by Nina Dworschak
Imagine that one minute can change your whole life. Yesterday you played with your children in the yard and greeted your neighbor on the balcony while thinking about dinner. In the evening you kiss your children goodnight, clean the dishes, take a hot bath and relax with your husband in front of the TV. The next day as you are looking outside your window a soldier shoots you in the face.
Basmah Muhammad Taleb Manur is the mother of 10 children, a housewife, citizen of Nablus and disabled for the rest of her life. “Now I rely on other people for everything. That’s what hurts the most.” No compensation can replace the pain she suffered or give back her autonomy and the ability to be the mother for her kids.
Basmah Mansur's life changed from one day to another. Picture: B'Tselem
According to the International Human Rights Law (IHL), binding for all states, Israel has to provide Basmah financial compensation so that she can get the medical treatment and physiotherapy she depends on. The law says that states are obligated to compensate individuals who are harmed in an act of human rights violation. From September 2000 till November 2016 4,856 Palestinians were killed by Israel’s Security Forces, who were not taking part in hostilities. Between 2012 and 2016 just 18 lawsuits for compensation have been successfully negotiated with the victims receiving 3.8 million shekels. Between 1997 and 2001, that amount was 568 percent higher.
New B'tselem Report Reveals Israeli Evasion of Responsibility
The human rights organization B’Tselem published their new report “Getting off Scot-Free: Israel’s Refusal to Compensate Palestinians for Damages Caused by its Security Forces”. The author, Yael Stein, describes how the State of Israel slowly exempts itself from its responsibility to pay compensation by “expanding immunity from liability and establishing procedural and evidential rules to hinder Palestinians in filling lawsuits.”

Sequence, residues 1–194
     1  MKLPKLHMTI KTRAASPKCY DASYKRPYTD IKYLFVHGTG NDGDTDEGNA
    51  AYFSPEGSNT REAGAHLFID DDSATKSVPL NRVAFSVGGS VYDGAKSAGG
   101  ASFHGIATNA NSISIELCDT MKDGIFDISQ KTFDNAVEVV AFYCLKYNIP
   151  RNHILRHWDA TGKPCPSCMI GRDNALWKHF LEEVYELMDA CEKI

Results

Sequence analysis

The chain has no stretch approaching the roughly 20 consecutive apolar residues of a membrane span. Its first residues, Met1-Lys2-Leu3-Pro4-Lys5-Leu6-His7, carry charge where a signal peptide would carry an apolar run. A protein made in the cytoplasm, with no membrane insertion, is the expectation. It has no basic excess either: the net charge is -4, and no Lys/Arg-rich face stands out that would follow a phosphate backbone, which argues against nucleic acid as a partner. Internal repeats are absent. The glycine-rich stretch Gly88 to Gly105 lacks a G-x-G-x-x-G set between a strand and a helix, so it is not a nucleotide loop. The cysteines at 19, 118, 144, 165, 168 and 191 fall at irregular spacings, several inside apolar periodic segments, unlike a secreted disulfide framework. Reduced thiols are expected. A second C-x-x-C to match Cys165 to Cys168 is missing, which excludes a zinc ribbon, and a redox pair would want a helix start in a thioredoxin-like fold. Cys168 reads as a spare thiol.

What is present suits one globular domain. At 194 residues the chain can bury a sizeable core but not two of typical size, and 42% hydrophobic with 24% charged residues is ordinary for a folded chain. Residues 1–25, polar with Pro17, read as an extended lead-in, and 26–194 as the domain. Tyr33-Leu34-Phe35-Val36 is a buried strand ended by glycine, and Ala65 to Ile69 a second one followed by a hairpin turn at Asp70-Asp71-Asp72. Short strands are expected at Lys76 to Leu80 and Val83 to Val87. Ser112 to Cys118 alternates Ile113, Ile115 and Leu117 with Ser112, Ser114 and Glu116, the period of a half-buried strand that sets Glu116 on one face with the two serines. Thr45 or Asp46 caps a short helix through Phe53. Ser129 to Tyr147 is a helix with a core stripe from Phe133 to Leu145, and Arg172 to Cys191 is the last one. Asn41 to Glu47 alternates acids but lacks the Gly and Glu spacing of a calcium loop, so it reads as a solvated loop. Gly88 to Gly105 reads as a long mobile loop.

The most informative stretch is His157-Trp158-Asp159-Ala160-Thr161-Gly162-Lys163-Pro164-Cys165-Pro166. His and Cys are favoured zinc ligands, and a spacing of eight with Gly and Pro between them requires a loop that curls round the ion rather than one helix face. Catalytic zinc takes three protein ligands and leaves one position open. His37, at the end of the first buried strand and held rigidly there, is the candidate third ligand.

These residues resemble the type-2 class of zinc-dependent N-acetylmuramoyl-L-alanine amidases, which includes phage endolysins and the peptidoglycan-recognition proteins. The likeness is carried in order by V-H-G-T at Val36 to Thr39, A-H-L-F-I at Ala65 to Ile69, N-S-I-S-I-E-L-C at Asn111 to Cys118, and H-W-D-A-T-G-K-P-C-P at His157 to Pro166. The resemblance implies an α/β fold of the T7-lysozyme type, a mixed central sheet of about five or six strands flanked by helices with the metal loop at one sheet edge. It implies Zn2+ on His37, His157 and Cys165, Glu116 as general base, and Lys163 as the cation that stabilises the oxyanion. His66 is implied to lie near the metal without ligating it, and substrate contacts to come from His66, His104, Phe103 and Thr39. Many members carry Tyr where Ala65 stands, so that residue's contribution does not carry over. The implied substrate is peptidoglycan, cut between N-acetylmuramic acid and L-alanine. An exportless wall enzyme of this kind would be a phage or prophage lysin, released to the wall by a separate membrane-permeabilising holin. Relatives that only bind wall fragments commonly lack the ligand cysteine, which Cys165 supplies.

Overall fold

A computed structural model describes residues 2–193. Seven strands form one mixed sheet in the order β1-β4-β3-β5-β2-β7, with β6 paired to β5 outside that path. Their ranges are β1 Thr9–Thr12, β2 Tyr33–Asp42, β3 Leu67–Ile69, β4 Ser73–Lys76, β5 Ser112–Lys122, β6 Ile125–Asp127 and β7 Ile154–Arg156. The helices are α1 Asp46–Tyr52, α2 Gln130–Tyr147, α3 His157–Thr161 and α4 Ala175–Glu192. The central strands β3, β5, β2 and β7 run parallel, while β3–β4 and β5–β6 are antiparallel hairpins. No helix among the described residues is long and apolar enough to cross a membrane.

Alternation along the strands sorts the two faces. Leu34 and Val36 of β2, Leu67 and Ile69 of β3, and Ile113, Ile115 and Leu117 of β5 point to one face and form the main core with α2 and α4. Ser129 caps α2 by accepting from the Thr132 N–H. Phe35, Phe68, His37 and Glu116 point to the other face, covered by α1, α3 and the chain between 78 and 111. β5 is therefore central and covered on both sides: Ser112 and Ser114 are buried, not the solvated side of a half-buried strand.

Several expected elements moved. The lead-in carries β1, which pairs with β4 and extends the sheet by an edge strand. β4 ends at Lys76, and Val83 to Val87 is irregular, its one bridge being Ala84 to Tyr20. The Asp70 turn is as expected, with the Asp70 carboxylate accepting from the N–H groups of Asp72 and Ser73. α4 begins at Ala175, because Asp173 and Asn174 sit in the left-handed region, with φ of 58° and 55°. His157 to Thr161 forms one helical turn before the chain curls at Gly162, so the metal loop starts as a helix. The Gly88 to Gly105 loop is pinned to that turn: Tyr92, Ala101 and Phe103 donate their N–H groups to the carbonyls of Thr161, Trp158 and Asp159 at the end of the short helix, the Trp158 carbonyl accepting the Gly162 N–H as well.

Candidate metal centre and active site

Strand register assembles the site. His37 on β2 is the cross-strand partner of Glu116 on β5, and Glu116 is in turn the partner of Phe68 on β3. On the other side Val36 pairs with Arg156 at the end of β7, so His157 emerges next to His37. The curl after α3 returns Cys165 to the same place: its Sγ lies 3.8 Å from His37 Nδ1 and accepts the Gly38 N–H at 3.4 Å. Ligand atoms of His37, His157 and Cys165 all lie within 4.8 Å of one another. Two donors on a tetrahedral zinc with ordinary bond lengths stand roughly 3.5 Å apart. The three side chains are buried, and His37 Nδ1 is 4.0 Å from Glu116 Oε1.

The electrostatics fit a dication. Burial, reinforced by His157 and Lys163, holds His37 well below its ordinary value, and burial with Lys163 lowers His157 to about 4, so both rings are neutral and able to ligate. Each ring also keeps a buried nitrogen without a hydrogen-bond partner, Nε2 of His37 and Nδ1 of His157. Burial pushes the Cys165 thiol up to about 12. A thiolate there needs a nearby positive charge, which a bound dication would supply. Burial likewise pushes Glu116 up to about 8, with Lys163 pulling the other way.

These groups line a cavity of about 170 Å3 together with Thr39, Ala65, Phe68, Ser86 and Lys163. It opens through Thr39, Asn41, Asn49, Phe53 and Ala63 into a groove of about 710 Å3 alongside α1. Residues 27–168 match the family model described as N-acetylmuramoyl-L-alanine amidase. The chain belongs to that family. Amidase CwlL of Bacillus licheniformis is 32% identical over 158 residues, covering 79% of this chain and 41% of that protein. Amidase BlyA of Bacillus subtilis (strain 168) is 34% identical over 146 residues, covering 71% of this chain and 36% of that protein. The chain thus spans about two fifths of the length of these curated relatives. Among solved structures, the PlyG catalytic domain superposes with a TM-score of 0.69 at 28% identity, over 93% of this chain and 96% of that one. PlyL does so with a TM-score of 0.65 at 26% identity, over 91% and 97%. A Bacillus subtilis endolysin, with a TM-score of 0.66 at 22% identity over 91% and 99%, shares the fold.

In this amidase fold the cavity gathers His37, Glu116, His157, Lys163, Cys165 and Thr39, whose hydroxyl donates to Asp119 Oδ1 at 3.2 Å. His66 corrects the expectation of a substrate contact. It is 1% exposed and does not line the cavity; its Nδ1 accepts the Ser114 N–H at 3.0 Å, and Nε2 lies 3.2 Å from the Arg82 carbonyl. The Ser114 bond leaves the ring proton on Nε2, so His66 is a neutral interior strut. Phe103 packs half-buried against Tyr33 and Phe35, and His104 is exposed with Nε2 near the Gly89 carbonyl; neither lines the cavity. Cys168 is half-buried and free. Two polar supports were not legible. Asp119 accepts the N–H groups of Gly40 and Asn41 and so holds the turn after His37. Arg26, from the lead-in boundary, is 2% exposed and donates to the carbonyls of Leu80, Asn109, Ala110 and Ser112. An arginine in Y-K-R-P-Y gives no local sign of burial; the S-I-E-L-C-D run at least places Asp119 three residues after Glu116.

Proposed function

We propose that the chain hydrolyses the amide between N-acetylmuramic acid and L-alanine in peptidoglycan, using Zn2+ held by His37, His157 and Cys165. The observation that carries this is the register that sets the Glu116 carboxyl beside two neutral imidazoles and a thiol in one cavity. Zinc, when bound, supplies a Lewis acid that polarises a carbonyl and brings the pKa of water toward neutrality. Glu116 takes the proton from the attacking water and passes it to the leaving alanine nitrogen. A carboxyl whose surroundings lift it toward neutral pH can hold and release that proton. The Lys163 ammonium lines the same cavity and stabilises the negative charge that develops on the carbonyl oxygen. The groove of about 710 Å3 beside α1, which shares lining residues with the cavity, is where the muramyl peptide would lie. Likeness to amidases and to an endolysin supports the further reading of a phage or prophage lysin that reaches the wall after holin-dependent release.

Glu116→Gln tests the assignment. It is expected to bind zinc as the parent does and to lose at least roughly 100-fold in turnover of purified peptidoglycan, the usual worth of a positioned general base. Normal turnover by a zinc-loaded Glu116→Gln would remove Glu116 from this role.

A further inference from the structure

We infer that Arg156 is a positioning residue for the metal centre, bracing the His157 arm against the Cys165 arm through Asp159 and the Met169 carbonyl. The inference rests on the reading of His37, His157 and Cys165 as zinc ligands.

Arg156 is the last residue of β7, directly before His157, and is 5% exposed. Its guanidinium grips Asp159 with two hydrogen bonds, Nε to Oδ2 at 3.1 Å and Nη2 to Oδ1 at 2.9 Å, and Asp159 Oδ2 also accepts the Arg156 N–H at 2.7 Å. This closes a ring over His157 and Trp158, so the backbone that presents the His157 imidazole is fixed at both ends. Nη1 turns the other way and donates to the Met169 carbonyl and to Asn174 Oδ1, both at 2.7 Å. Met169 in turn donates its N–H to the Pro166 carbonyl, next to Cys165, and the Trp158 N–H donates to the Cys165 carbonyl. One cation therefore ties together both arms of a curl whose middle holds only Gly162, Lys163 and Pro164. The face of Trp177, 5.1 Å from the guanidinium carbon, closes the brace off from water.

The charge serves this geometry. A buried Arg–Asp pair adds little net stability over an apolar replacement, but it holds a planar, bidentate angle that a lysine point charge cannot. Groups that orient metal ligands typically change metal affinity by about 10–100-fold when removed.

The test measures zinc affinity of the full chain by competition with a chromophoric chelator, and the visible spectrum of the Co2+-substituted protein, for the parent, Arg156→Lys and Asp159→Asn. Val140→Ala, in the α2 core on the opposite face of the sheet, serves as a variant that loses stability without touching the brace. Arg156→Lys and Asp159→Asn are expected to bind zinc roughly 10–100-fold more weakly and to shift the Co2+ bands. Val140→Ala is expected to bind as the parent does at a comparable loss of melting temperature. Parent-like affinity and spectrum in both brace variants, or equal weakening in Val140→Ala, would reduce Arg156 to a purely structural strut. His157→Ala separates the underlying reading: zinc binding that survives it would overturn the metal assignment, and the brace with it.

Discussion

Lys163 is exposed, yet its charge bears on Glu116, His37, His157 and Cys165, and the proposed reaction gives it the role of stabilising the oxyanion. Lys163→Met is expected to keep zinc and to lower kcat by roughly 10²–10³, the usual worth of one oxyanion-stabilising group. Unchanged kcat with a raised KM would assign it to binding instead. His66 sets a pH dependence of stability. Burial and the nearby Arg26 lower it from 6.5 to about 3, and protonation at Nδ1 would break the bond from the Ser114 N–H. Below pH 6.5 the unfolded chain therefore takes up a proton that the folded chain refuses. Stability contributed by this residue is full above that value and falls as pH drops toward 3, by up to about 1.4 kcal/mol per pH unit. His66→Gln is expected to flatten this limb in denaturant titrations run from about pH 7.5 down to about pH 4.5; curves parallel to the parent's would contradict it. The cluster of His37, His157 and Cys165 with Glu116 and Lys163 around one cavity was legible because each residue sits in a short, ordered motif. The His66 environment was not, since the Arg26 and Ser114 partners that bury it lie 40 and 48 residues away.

Cover of the report "Getting Off Scot-Free" published by B'Tselem
The Committee of Ex Gratia Payments established by the Ministry of Defense is responsible for the compensation payments from the State of Israel. Based on the legislation given by the Israeli Torts Law (based on British Mandatory legislation), the three-member committee has the power to decide the victim’s future. Lawsuits submitted through “persons whom there is reasonable cause to believe” will be rejected and just cases of bodily harm have little prospect of success. A claim must be reported to the Ministry of Defense within 60 days after the incident occurred. If the medical condition doesn’t allow it, the authority gives you 30 days after your condition makes it possible. Within one year the case will be discussed in the committee.
International Human Rights Law Requires Occupying States to Pay Compensation
The IHL states that an “occupying state has to protect the residents of the occupying territory and ensure their safety and wellbeing”. The Israeli Torts law ensures this principle and grants that victims of warfare activity are entitled to receive payments from the State. “It is an illusion of a working system, on paper Palestinians can find it but not in the daily procedures”, explains Stein. The scope of interpretation for the term “warfare activity” has been used by the state since 1997 to find a loophole to escape the duty for paying. Several changes and exceptions have made this possible.